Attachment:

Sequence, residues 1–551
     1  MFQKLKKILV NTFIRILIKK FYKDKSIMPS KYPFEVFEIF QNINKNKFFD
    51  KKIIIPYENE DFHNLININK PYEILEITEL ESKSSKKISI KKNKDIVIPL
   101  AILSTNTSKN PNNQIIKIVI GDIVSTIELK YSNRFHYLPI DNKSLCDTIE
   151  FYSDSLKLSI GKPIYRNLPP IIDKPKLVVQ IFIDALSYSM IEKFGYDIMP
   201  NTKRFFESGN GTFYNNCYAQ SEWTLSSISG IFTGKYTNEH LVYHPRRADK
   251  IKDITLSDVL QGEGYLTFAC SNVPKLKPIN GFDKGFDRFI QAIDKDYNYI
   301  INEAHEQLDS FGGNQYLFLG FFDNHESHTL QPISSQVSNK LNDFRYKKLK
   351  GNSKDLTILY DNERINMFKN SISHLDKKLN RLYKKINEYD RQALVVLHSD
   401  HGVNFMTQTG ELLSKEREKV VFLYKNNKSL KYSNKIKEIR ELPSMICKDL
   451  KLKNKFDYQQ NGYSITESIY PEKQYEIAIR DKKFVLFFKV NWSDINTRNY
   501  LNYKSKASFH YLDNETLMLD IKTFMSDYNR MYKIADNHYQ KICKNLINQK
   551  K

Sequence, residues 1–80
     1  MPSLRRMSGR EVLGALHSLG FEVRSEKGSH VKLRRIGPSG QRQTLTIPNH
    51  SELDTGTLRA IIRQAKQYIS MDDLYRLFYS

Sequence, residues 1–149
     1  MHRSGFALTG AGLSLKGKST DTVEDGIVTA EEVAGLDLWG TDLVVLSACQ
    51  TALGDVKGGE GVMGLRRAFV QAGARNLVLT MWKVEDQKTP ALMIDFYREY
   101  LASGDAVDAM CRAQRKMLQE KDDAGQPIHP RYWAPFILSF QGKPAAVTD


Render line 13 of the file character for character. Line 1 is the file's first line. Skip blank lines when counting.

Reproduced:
   551  K